I don't see why you guys bring in ID. Gary, you are not up to date. Davies has published several books since the one you mention. He is NOT an Intelligent Design proponent. He makes this very clear. Have you read his book The Goldlock Dilemma? If not, you have no business discussing what you have not read. In it, he gives an astrophysicist's view of the matter of how the universe can be so perfectly tuned for life, when only a tiny bit of difference would make life impossible. You do not disagree with this concept, do you? Most scientists accept it but have different theories about how it happened. In this book, he examines all of these theories then gives his own. He spends an entire chapter refuting Intelligent Design. Or didn't you know that?

In reply to an earlier post on Feb 8, 2010, 3:54:31 PM PST
John Donohue says:
Celeborn <<I don't see why you guys bring in ID. Gary, you are not up to date. Davies has published several books since the one you mention. He is NOT an Intelligent Design proponent.>>

I have been rereading this thread Celeborn -- OK, let's drop ID. Why do you care whether the universe if "fine tuned"? What do you think we should be learning from this "argument."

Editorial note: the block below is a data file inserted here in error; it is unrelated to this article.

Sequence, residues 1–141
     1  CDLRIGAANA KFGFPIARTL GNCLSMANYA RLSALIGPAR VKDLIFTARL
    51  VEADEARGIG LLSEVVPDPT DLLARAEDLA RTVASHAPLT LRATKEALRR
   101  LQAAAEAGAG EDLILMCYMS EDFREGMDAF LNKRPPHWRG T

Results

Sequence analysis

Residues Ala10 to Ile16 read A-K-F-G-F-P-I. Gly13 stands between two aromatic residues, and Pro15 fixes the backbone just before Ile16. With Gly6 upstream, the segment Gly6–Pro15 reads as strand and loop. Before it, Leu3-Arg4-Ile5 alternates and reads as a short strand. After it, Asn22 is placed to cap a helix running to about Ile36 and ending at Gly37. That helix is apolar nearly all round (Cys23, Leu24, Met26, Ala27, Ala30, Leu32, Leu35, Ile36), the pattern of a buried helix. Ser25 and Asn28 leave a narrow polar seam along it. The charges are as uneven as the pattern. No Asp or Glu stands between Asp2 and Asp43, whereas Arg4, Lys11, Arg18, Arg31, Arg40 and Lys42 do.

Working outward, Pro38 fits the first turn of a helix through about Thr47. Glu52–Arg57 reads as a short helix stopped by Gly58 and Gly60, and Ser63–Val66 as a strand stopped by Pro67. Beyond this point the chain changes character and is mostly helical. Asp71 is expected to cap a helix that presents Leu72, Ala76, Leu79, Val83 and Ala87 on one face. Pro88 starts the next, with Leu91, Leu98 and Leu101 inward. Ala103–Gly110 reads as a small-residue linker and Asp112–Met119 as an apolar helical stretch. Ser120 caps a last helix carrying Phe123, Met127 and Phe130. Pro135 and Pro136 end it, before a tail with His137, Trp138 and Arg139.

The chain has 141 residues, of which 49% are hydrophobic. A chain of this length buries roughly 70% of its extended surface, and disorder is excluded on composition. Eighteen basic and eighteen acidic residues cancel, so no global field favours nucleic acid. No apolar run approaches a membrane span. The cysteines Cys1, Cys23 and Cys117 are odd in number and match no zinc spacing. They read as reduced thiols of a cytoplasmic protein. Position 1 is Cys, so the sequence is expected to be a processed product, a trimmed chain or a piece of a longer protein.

In reply to an earlier post on Feb 8, 2010, 10:47:19 PM PST
Fairly obviously, the life which occurs is fine tuned to the universe in which it exists. No need to asert design as a prerequisite for life.

In reply to an earlier post on Feb 8, 2010, 11:28:13 PM PST
[Deleted by Amazon on Aug 26, 2011, 2:18:58 PM PDT]

In reply to an earlier post on Feb 9, 2010, 12:10:38 PM PST
Last edited by the author on Feb 9, 2010, 12:12:58 PM PST
Customer says:
In reply to an earlier post on Feb. 8, 2010 10:47 PM PST
R. M. Williams says:
Fairly obviously, the life which occurs is fine tuned to the universe in which it exists. No need to asert design as a prerequisite for life.

----------
For me, ID is more specifically about whether or not a universe is tweaked so that a resulting intelligence has the capacity to develop the technology to design new universes AND then devotes the effort and the resources to do it. Therefore, life is, and even we humans might be, irrelevant in ID.

In other words, if we and other sentients fail, then they fail, and there was no intelligent design, in this universe.

In reply to an earlier post on Feb 9, 2010, 12:37:25 PM PST
[Deleted by Amazon on Aug 26, 2011, 2:19:02 PM PDT]

Posted on Feb 10, 2010, 10:37:54 AM PST
Celeborn says: